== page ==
Aikido for Children part 1.


Aikido for Children

Before we look at what Aikido can offer children we should first take a brief look at what Aikido is. Developed from the ancient Japanese Fighting Arts of Feudal Japan like Karate, Jujitsu and Judo Aikido is an effective form of self-defence, and is first and foremost a Martial Art. However Aikido does have some fundamental differences.
Being essentially an art of self- defence there is no attack as such studied by Aikido students. The main focus is on controlled defence utilising the energies generated by the attack. Reliance is placed therefore on the movement, displacement, and techniques, with emphases being placed on circularity and spherical movements in order to overcome attack.

There is no need for strength in Aikido and the use of strength is much discouraged by teachers.
This make Aikido an ideal art for those who are small in stature, and is therefore suitable for everyone, male female, and young or old alike.

Taking Martial Arts into the Schools

Martial Arts such as Karate, Judo etc in the schools are by no means a new concept, and have been received with enthusiasm by those schools that participate. These Arts help to promote fitness, self-control and confidence, as well as a means of self-defence. However, the sporting side of these arts may also bread a degree of arrogance due to their competitive side. This can result in those who are of a quiet withdrawn nature, or of low self esteem missing out on what the Martial arts has to offer.

So what make Aikido different?

The most noticeable difference is that there is no competition in aikido and therefore no winners or losers. Students have to learn to rely on each other in order to progress, and not compete.
Aikido has a more passive accepting nature to an attack and advocates a none violent answer to violence. This however does not deter from its effectiveness as a self-defence Art.

The passive and accepting nature of Aikido is in effect its strength. Aggression can be defused without the need to be aggressive return. The reliance on others in order to progress, with others relying on you, helps to promote an understanding of others. These values once learned can extend to everyday life.

Aikido also promotes self-confidance, self-control, humility, fitness and self discipline, with a willingness to help others. When teaching children it is important to promote these values so as to reduce the risk of injury through over enthusiasm.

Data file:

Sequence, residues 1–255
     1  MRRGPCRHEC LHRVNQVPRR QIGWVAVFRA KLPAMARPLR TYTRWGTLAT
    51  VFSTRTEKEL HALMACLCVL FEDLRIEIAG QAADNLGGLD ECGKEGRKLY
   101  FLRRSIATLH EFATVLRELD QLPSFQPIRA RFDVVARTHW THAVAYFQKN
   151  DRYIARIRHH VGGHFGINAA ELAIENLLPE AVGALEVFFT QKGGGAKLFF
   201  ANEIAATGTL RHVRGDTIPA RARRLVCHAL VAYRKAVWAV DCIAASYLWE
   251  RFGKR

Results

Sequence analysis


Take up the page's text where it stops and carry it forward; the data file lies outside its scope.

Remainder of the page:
The CUA Aikido Union has now run several courses within the schools. This has been an interesting and rewarding challenge. Most surprising was how quickly the children (students) progressed. After only eight weeks with only one lesson per week these values were showing through. Most notably the self-confidence and the willingness to help others.

The CUA Aikido Union

During an initial eight-week course these students learned the following:

1. Mat etiquette

2. Posture and balance skills

3. Safety on the mat.

4. Body movements of Aikido: Tenkan / Taisabaki

5. Awareness skills

6. Japanees terminology (relevant to Aikido)

7. Ukeme (the Art of falling safely)

8. A few basic Aikido techniques

9. Brake away and escape techniques

And more as there were spin offs during lessons.

At the completion of these courses the students had obtained an excellent grounding to allow them to continue. Not only in their studies of Aikido, but also to further develop the principles of the Art, as well as the values above.

cua 2007 ©

Extract from a test lesson in a School

Absolute power, or so I thought

Holy stone school loomed at me, it was at 3.30pm on a dark winter's night, the kids from school were just
starting to leave, I waited at the Gate in my car for the caretaker to see me in. 14 kids were booked to somehow learned a martial art, we had eight weeks, one hour sessions, to produce a result.

It was a new learning curve for me, normally I don't teach children in fact over the 30 years that I have practised and taught the martial art of Aikido I think that only half a dozen children have been in one of my classes.

Phil Turner, the organiser of this course assured me that all involved were so enthusiastic about this project that it was actually oversubscribed and more people wanted to be on this course than they had ever dreamed of anyway we all got changed, the mats that we had, we set out. the children ran around the mats tumbled and fell, rolled, screamed, shouted and went absolutely crazy.

Of course I had already prepared all of the lessons for the eight weeks in my mind, but things didn't work out the way I thought it would be, In fact after about five minutes I threw the prep work in to my mental bin!!

I knew that I had to make some kind of impact to be able to sustain life and most of all sanity to get through these two months

I decided to take the hard approach to be able to control this lot . It worked my hard looking face (not really) , and fierce hand clap got them all a lined up in a row. Peace reigned but for how long.
Well peace reined about two minutes at the most. It was time To try and create some kind of a game in order to maintain some kind of interest.

That seemed to work I found that if I put everything into a sort of game mode, that may be my saviour, but alas it was not, my little trusts were looking for something more .That something more was Aikido,Aikido,Aikido.

When do we get to do the Aikido, one of them spouted, I had earmarked this one as a potential
trouble maker,

Mhhh !!Its going to be hard work getting through this hour!!.

Tell you what let's have a competition, let's see who can balance on one leg, but for the next hour !!!.

cua 2007 (c)

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